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Reference Number EP/P034101/1
Title Novel intensified liquid-liquid contactors for mass transfer in sustainable energy generation.
Status Completed
Energy Categories NUCLEAR FISSION and FUSION(Nuclear Fission, Nuclear supporting technologies) 50%;
RENEWABLE ENERGY SOURCES(Bio-Energy, Production of transport biofuels (incl. Production from wastes)) 50%;
Research Types Basic and strategic applied research 100%
Science and Technology Fields ENGINEERING AND TECHNOLOGY (Chemical Engineering) 100%
UKERC Cross Cutting Characterisation Not Cross-cutting 100%
Principal Investigator Dr P Angeli
No email address given
Chemical Engineering
University College London
Award Type Standard
Funding Source EPSRC
Start Date 01 June 2017
End Date 31 December 2018
Duration 19 months
Total Grant Value £197,725
Industrial Sectors Energy
Region London
Programme Energy : Energy
 
Investigators Principal Investigator Dr P Angeli , Chemical Engineering, University College London (100.000%)
  Industrial Collaborator Project Contact , National Nuclear Laboratory (0.000%)
Project Contact , Greenergy International Limited (UK) (0.000%)
Web Site
Objectives
Abstract The rapid growth of the population worldwide and the drive for economic development rely on continuous supply of energy, with global needs estimated to increase by 50% by 2035. Although fossil fuels are still the primary energy source, the problems associated with security of supply and the environmental impact because of the CO2 emissions, are going to limit their use in the foreseeable future. Low carbon and renewable energy sources, such as nuclear and biofuels, which are increasingly used, will meet progressively these energy demands.Nuclear energy from fission is a low carbon source and can provide large amounts of electricity and process heat using only small amounts of raw material. However, one of the main concerns in the nuclear fuel cycle is the management of the radioactive waste which can remain toxic for thousands of years. The expansion in nuclear power generation makes the problem of nuclear waste management particularly acute. Reprocessing of nuclear fuel can potentially recover the remaining actinides and fission products, and reduce the volume and toxicity of the spent fuel for storage or disposal in geological repositories. However, reprocessing has been associated with high costs, making the direct storage and ultimate disposal of high level waste the preferred option. Liquid-liquid extraction technologies are essential in spent nuclear fuel reprocessing where currently used contactors are decades old and are not well characterised.In this project we will develop novel liquid-liquid contactors for extraction processes that will intensify the production of energy from alternative and sustainable sources. Intensification addresses the need for materials and energy savings and contributes significantly to the competitiveness of process industries worldwide by making industrial processes faster, more efficient and less damaging to the environment. Substantial process intensification is possible with the use of small scale contactors, where the reduced length scales result in thin fluid films which enhance mass transfer rates, while the increased surface to volume ratios enable the controlled formation of well characterised flow patterns. We will develop two concepts to intensify liquid-liquid extractions and increase throughputs to industrial levels. The first approach involves an intensified impinging-jets contactor, where the two liquid phases collide at high velocities in the small space of the contactors; the intense mixing and high energy dissipation rates at the zone of collision form dispersions with small drop sizes and narrow distributions that have large interfacial areas. The second approach involves scale up of the process by increasing the number of small channels used (scale out). This approach differs from conventional scale up where the unit size is increased, and depends on the design of the flow distributor that feeds the channels.The research will be carried out in collaboration with two industrial partners, i.e. NNL which develops nuclear fuel reprocessing technologies and Greenegy that produces biodiesel. The active involvement and support of the partners in the project will facilitate technology transfer.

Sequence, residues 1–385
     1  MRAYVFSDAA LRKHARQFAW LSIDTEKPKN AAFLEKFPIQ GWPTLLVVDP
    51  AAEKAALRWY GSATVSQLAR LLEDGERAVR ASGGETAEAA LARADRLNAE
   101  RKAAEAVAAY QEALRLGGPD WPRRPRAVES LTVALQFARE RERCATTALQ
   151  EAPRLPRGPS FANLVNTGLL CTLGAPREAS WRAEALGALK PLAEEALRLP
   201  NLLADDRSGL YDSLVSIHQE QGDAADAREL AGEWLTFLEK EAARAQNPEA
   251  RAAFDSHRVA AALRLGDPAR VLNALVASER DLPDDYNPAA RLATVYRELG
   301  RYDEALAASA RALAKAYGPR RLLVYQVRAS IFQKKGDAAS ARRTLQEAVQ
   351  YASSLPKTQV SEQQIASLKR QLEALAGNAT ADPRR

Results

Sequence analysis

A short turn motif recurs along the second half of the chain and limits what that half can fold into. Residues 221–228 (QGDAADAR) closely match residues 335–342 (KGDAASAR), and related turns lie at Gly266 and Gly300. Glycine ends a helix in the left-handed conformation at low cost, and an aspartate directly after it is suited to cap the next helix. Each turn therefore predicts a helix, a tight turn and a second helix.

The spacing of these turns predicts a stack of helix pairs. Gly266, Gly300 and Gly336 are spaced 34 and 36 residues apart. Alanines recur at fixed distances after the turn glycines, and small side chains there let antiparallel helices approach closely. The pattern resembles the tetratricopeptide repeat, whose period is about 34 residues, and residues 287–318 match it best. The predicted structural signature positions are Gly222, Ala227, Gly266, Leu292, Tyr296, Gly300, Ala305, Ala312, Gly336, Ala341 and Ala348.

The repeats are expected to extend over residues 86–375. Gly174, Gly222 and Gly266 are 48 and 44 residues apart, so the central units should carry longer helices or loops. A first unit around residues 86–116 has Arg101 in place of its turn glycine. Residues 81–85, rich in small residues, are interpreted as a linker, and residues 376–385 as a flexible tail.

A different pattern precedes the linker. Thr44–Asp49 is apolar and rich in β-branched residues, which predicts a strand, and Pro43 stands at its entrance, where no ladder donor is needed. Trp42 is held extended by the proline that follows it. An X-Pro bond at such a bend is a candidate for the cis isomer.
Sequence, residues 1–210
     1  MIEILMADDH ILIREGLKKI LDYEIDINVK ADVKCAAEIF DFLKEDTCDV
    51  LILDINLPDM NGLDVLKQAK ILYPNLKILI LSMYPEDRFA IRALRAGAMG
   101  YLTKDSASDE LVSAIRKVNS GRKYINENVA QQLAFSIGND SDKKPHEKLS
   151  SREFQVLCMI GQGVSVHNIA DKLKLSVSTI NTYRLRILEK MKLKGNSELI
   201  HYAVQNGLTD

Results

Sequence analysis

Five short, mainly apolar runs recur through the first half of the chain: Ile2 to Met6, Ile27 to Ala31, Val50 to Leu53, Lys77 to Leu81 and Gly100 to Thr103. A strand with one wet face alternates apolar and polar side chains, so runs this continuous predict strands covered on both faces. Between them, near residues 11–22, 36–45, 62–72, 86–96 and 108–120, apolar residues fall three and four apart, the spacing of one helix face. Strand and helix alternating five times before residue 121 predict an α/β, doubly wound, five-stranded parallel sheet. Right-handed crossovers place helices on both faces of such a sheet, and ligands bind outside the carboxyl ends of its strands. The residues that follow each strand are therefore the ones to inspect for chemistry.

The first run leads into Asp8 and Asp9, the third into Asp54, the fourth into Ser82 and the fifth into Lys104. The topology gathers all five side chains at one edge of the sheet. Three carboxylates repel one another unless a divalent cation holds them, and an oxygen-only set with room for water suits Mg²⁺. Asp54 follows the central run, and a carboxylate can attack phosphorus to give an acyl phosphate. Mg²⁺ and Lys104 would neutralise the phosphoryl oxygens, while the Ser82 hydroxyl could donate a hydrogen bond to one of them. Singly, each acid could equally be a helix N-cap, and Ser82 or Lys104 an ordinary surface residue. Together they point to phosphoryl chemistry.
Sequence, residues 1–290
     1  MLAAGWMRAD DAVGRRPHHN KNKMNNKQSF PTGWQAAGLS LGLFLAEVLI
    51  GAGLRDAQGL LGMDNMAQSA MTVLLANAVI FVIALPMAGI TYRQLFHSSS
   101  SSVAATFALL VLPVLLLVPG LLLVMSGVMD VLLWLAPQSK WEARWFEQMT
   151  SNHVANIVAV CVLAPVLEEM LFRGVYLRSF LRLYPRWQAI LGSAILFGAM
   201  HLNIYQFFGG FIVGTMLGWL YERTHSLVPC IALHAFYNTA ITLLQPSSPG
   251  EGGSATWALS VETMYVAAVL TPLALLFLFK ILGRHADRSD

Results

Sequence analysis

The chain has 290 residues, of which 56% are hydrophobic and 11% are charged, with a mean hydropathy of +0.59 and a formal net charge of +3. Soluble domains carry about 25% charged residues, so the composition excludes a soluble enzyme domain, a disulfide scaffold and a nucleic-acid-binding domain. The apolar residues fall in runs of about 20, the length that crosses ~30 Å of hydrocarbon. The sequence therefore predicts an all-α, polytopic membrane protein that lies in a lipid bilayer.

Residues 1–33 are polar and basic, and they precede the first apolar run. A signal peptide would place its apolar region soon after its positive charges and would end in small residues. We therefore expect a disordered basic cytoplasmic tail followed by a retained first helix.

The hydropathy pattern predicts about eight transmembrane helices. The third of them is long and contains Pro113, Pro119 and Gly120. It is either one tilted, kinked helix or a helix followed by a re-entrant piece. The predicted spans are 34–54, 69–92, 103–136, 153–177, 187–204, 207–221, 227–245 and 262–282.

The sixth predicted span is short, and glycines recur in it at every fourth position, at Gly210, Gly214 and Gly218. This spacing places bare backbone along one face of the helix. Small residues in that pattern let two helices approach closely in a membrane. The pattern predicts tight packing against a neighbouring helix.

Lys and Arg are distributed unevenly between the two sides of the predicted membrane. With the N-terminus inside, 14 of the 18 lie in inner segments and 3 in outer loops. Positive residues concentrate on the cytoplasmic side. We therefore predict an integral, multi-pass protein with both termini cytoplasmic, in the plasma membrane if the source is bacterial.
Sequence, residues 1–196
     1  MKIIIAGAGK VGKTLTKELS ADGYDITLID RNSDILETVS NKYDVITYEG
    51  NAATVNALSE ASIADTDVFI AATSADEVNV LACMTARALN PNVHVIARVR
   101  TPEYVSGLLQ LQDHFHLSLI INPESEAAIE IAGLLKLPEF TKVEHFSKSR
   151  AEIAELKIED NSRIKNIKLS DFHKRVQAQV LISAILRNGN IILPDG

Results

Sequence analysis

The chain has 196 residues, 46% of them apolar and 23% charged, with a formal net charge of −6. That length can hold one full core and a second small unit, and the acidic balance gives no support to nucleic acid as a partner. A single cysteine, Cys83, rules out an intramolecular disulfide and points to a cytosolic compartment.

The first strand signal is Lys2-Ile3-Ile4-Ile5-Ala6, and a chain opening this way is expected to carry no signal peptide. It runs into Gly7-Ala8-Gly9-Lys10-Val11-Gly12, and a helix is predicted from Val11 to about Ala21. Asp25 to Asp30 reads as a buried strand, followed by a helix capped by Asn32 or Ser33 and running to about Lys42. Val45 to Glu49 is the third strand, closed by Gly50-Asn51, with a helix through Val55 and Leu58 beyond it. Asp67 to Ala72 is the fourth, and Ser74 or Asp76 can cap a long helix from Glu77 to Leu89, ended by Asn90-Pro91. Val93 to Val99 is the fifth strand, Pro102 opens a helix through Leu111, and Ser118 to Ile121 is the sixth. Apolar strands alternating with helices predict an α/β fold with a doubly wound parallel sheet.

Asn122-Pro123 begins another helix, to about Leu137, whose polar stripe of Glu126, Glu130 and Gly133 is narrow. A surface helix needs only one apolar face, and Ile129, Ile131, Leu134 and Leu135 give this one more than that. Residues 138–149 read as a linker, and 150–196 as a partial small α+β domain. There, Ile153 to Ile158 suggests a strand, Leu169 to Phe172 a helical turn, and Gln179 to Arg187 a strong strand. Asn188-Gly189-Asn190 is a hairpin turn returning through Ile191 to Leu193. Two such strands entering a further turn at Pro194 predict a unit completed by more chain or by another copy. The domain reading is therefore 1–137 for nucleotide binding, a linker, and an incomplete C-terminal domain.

Publications (none)
Final Report (none)
Added to Database 01/02/19